Vessel stranded on small island off Halifax staying put for now
The Hydra Mariner snapped free of its mooring buoy in Wrights Cove on Jan. 16
The Canadian Coast Guard is trying to figure out what to do with a steel-hulled vessel that escaped its moorings last month in Halifax's Bedford Basin and drifted to the shores of a small island, where it sits today.
The Hydra Mariner snapped free of its mooring buoy in Wrights Cove, just adjacent to the Dartmouth Yacht Club, overnight on Jan. 16 and ran aground on nearby Navy Island.
Kyle Jarvis, a senior response officer with coast guard's environmental response program, said the priority since then has been to make sure it stays put and doesn't leak any pollutants.
"We're talking about engine oils, hydraulics, fuel or anything of that nature," Jarvis said.
He said the majority of the pollutants have been removed and the 33-metre vessel is secure. He said the coast guard has been in touch with the vessel's owner and has informed him that all costs to remove Hydra Mariner will be passed along to him.
"The way that it works within Canada is under the Marine Liability Act," Jarvis said. "It's a polluter-pays principle. So all costs are ultimately recovered by the owner.
"The owner has been co-operative.... He's spoken with us multiple times. However, he was unable to perform the response actions required."
Jarvis said the coast guard has been conducting regular checks on the vessel and hired an outside contractor to inspect the steel hull to make sure it can support itself as it sits limped over the shores of Navy Island.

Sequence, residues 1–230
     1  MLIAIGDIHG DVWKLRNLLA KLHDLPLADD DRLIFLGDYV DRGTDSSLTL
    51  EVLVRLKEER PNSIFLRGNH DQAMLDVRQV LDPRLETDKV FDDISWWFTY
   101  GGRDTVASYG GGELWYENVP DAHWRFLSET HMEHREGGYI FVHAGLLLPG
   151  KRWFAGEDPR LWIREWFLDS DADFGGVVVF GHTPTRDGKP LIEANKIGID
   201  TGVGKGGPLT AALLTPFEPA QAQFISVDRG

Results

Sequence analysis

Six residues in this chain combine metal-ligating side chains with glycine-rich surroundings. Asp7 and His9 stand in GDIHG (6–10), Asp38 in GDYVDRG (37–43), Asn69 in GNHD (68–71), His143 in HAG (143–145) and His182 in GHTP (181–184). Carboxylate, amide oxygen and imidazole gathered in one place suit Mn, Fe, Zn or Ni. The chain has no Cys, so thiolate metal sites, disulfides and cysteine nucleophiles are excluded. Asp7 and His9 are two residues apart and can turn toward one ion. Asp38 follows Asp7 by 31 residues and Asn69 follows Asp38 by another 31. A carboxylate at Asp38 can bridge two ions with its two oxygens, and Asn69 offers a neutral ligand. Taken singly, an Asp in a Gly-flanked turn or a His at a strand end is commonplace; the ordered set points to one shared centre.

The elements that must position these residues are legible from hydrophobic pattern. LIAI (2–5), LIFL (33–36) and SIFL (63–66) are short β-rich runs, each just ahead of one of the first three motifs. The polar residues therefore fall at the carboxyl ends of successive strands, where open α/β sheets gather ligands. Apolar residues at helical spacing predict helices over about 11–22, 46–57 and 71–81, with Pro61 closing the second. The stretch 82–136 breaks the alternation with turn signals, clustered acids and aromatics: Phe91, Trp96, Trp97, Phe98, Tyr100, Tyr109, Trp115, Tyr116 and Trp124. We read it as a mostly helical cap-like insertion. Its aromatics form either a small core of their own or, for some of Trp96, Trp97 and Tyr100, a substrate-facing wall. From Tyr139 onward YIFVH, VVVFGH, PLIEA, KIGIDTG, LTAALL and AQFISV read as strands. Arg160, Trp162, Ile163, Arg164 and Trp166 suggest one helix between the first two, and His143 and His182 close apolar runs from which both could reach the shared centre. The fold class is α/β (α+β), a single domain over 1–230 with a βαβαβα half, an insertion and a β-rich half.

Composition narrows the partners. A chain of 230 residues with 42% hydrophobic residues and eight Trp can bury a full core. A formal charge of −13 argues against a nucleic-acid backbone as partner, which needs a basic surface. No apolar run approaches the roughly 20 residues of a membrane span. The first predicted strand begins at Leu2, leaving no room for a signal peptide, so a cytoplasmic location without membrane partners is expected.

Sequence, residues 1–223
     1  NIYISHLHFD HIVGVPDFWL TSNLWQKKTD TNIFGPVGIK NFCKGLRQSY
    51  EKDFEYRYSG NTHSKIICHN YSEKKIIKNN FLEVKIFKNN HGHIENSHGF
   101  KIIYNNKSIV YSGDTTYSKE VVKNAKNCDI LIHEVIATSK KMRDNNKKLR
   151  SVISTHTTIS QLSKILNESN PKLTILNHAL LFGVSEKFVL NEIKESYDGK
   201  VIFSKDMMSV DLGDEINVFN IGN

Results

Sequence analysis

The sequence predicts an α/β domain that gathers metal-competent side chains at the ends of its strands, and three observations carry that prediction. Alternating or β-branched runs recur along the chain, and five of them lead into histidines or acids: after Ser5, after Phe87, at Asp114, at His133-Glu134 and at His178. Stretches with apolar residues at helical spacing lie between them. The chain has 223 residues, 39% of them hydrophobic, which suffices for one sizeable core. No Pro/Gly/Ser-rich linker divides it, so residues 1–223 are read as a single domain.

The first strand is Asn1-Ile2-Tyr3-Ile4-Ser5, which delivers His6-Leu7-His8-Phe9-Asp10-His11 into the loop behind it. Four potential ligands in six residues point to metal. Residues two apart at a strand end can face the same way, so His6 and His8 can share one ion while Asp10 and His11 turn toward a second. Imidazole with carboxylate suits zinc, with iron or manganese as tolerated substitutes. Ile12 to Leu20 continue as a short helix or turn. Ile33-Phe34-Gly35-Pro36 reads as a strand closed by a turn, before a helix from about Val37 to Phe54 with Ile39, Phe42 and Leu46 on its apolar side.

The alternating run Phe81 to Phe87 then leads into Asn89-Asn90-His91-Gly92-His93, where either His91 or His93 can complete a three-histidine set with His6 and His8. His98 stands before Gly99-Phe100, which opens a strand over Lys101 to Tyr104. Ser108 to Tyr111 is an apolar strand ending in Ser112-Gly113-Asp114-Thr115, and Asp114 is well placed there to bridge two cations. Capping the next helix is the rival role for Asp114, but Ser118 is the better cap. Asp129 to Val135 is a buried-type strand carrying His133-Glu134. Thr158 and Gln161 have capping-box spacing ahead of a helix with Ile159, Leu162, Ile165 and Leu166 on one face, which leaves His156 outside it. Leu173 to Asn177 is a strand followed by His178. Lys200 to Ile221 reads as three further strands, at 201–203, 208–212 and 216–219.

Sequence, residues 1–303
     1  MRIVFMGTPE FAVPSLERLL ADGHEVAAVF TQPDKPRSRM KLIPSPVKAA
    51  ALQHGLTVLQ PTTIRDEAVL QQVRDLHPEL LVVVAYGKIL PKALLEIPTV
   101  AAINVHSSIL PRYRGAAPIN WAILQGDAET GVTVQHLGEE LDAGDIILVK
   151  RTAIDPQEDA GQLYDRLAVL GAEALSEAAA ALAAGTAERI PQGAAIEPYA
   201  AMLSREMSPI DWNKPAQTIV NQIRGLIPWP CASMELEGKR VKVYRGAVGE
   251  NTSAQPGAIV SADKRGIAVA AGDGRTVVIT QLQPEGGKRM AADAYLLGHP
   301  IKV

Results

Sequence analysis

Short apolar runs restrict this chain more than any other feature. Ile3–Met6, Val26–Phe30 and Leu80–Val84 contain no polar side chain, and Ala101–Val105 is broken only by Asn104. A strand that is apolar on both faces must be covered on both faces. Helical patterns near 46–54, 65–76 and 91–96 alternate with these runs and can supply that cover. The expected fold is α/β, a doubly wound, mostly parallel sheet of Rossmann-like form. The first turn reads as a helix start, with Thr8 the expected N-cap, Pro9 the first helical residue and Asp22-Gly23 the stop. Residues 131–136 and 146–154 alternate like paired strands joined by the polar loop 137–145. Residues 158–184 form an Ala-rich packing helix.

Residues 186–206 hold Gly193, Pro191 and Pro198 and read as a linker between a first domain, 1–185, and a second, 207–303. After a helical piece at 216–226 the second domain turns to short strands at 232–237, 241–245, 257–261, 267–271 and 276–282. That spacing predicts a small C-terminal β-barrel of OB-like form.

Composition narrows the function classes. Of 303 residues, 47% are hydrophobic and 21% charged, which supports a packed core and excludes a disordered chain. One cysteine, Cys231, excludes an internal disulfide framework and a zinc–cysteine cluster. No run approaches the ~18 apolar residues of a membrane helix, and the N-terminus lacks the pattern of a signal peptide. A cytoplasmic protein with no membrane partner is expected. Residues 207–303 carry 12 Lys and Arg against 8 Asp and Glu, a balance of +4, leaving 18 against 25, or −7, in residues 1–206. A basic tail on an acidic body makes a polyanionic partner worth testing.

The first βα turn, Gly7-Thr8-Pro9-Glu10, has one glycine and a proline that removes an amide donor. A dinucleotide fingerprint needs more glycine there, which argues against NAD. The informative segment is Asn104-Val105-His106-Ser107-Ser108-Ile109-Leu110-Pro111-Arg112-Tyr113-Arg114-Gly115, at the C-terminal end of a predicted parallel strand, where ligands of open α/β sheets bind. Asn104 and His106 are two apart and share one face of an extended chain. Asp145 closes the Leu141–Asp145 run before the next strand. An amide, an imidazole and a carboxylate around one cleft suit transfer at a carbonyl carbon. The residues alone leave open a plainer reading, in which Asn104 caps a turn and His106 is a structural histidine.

Rob Ritcey of RMI Marine said it was his company that was hired to do the inspection. The hull is intact and the ship is high and dry, he said.
It is the second time RMI Marine has been contracted to deal with the vessel, he said. In February 2014, it snapped free of its moorings in Wrights Cove and drifted ashore. That time, RMI was hired to refloat the vessel.
Ritcey said it's not clear yet what will happen to it now.
Cleanup costs estimated at $100K
"It's either going to be a cleanout and a refloat, or it's going to be a cleanout and then straight to the scrapyard," he said.
He said he expects the coast guard will invite private bidders to submit a tender to do the work. If it's a recovery project, Ritcey said, that could cost the owner somewhere in the ballpark of $100,000.
"We're definitely interested at this point," he said.
The ship is more of an eyesore than an environmental threat right now, he said, but eventually it will start to fall apart.
"At some point in time, which would be years from now, the hull will completely let go. And there is some amount of pollutants in there that would, you know, get into the basin, into that cove," he said.